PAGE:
5. lexical: ie. loan translations at their best!

Eg. volleyball = balón voleo <cringing> and others, used as nouns:
– peeling
– lifting
– doping
– screening
– marketing
– zapping
– parking
– consulting

My fave is: puenting! ( = taking a long weekend off, usually when a bank holiday occurs).
These are very hard to fight – if we may say so – especially when nuances and different meaning or tones come into the game. Eg. ‘aggressive’ in EN is positive sometimes, meaning energetic or full of verve. In Spanish and Italian, an aggressive person is only violent. The same is valid for ‘ambition‘ = in ES ambición is usually negative, and can be replaced by determinación, aspiración; in IT as far as I know, is both negative and positive, depending on context.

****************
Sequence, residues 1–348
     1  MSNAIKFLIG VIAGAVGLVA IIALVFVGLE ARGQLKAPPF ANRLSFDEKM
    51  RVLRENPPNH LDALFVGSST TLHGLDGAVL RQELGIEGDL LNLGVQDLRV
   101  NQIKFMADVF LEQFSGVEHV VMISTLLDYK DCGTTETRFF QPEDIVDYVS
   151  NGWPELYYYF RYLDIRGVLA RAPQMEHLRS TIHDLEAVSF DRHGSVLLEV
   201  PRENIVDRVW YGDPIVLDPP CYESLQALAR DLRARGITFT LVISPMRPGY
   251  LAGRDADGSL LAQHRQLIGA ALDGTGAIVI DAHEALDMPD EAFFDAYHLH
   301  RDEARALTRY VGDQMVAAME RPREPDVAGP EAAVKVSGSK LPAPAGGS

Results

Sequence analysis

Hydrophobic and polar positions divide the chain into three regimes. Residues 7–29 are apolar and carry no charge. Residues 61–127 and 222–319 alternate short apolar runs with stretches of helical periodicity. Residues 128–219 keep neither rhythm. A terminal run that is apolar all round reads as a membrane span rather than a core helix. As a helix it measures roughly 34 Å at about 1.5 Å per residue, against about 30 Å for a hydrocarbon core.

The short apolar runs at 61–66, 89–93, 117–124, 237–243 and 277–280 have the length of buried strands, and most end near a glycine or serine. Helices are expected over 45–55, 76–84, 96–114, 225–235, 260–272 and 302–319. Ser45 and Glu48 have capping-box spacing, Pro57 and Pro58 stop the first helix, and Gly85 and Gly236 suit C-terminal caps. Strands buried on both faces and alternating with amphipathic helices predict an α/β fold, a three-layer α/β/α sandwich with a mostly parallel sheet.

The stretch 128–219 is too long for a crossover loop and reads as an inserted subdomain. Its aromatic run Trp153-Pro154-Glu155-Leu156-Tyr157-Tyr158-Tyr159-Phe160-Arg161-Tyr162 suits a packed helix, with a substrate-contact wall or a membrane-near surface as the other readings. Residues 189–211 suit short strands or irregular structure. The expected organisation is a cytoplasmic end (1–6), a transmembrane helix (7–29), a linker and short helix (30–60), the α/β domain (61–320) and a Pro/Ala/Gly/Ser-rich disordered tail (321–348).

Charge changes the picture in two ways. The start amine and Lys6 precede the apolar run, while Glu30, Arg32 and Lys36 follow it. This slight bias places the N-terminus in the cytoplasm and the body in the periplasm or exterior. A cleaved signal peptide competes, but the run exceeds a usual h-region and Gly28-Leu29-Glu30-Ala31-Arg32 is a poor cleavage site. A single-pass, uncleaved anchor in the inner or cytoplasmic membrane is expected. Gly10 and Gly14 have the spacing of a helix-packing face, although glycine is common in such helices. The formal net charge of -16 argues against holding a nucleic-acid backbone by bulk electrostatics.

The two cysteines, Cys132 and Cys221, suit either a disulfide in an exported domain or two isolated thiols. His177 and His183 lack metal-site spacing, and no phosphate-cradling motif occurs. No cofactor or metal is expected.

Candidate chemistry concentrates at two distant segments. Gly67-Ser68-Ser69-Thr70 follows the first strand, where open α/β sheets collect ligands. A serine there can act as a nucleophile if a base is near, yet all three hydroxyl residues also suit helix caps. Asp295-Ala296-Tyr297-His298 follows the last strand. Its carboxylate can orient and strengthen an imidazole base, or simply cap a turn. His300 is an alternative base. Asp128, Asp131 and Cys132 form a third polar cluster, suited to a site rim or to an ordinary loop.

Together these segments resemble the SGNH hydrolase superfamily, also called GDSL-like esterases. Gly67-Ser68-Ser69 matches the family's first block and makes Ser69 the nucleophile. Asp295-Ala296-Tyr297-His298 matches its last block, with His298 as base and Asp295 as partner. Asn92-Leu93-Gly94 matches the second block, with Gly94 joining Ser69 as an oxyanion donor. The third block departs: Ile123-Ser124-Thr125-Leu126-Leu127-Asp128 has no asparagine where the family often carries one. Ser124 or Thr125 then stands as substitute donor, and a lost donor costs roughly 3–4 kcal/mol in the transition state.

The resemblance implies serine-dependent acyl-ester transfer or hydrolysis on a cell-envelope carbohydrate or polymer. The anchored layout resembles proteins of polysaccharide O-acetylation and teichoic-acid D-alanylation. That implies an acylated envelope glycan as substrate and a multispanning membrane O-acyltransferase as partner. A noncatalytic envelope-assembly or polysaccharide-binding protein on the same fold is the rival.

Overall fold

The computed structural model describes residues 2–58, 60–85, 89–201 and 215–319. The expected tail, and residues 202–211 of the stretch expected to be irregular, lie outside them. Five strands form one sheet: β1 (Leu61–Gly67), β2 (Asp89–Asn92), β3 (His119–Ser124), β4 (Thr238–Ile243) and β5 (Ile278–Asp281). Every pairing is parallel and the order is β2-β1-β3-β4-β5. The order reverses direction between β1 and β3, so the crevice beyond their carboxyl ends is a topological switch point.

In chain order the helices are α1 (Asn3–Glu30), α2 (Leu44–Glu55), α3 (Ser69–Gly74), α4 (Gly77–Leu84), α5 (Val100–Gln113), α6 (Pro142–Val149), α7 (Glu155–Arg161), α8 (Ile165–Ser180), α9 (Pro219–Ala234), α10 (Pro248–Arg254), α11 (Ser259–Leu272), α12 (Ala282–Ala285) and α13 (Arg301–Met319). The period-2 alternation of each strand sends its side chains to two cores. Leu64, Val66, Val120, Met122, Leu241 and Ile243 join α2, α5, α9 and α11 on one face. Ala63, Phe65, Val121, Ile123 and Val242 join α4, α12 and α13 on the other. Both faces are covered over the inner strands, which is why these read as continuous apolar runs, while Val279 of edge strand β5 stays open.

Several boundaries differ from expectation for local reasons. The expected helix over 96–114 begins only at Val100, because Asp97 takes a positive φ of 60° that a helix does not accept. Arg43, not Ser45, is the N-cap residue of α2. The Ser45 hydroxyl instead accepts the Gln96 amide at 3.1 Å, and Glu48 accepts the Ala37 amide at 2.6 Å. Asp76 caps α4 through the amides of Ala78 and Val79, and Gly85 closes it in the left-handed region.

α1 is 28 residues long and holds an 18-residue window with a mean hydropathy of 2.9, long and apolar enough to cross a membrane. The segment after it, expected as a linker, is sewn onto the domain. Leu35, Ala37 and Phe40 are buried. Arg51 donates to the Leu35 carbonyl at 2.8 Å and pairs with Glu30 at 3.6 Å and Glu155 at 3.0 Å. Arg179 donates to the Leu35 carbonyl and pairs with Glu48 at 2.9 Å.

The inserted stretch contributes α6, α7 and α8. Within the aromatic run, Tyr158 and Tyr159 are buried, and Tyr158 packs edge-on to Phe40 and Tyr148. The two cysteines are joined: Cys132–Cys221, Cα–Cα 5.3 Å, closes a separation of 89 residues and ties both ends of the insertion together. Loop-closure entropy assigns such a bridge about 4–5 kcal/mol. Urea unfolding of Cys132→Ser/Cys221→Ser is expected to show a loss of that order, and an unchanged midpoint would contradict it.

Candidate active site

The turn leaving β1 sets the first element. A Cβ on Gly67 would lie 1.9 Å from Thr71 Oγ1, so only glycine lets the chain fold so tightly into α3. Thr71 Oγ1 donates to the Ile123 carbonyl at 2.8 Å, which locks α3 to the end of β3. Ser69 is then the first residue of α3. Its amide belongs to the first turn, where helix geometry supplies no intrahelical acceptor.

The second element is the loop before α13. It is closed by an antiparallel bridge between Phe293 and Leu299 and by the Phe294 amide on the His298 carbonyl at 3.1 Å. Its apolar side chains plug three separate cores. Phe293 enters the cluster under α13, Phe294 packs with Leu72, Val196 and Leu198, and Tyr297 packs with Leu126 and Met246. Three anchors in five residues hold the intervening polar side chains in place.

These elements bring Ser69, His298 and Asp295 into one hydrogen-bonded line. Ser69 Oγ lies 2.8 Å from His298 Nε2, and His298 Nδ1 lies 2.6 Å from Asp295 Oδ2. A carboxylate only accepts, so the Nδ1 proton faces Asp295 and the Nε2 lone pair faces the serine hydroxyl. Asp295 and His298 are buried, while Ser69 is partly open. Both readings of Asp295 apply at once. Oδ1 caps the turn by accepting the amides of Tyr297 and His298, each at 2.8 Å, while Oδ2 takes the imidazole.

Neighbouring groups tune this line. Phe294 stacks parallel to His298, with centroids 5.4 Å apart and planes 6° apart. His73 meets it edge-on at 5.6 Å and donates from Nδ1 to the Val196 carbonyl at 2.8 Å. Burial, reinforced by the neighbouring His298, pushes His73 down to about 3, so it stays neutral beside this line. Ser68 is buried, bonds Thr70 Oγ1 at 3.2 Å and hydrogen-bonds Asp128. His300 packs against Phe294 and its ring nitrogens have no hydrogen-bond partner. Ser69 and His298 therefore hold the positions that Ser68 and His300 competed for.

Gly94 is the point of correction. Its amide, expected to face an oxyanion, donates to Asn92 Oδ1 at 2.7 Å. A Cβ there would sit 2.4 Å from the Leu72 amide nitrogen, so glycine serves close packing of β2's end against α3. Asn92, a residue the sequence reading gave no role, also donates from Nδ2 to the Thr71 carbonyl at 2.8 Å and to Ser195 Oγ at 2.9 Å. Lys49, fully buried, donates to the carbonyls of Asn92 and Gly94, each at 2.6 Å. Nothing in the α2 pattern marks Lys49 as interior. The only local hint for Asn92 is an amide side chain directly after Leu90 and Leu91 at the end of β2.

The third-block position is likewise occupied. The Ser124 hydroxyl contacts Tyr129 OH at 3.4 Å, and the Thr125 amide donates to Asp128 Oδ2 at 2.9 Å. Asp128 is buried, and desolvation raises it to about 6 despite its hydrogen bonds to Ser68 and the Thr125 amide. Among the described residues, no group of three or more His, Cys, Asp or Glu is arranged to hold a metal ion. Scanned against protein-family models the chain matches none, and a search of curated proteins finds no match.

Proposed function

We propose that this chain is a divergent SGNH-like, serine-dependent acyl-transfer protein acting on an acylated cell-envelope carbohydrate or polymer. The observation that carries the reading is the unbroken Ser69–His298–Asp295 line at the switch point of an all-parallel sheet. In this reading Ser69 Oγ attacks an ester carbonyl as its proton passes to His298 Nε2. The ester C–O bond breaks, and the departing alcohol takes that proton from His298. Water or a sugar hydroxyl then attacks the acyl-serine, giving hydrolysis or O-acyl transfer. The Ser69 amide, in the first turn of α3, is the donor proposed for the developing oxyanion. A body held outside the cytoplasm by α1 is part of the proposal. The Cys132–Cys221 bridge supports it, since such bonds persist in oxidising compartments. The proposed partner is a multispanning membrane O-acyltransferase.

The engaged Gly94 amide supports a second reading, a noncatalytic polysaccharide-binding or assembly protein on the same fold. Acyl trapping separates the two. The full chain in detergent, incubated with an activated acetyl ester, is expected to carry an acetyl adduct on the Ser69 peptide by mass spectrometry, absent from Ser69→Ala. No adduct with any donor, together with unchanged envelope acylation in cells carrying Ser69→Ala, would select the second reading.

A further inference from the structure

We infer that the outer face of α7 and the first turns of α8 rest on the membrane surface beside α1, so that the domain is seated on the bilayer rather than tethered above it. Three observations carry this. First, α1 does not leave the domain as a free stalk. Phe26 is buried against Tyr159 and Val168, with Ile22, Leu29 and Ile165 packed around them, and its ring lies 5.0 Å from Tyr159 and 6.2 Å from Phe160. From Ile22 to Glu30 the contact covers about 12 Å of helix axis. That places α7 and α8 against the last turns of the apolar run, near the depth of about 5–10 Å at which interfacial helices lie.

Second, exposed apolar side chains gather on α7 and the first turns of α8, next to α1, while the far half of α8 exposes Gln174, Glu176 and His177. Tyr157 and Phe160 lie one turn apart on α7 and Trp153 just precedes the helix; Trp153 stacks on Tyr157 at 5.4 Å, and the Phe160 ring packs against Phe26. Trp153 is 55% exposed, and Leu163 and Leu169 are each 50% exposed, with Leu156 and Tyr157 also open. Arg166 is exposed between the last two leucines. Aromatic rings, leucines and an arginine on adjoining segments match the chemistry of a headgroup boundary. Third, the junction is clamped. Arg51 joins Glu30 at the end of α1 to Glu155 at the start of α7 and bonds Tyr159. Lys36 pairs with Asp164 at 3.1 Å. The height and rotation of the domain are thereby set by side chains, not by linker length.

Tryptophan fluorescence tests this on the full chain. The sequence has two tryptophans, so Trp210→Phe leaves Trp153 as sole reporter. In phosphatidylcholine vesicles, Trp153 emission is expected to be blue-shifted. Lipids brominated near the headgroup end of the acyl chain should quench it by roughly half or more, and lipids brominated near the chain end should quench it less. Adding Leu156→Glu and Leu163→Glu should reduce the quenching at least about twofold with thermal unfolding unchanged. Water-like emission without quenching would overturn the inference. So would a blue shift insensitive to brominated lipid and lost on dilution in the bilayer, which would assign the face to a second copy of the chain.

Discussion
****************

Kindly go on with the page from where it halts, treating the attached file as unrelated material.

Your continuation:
6. graphic: eg. STOP in road signs. It’s supposed to be universal but in Argentina, Colombia, Venezuela and Brasil, it’s PARE; in Mexico and some parts of Central America, ALTO.

<< An interesting part was the one devoted to acronyms and abbreviations.

A&E – (UK) Accidents and Emergencies / (USA) ER / IT: Pronto Soccorso / ES: Urgencias
IV – intravenous / intravenoso
PR – per rectum (exam) / ES: tacto rectal
PV – per vaginam (exam)  / ES: tacto vaginal
FBc – full blood count  / IT: emogramma completo / ES: emograma completo
U & Es – urine and electrolites / IT: urea ed elettroliti / Es: urea y electrolitos
LFT – live function test / IT: esame della funzione epatica / ES: test función hepática
white cells – IT: leucociti o globuli bianchi / ES: leucocitos o glóbulos blancos
MR – always a surgeon in the UK
Abdo pain – IT: dolor abdominal / ES: dolor abdominal
Ultrasound scan – IT/ES: ecografia/ecografía
(to) clerk in: IT: ricoverare / ES: ingresar

<< Some interesting / funny links: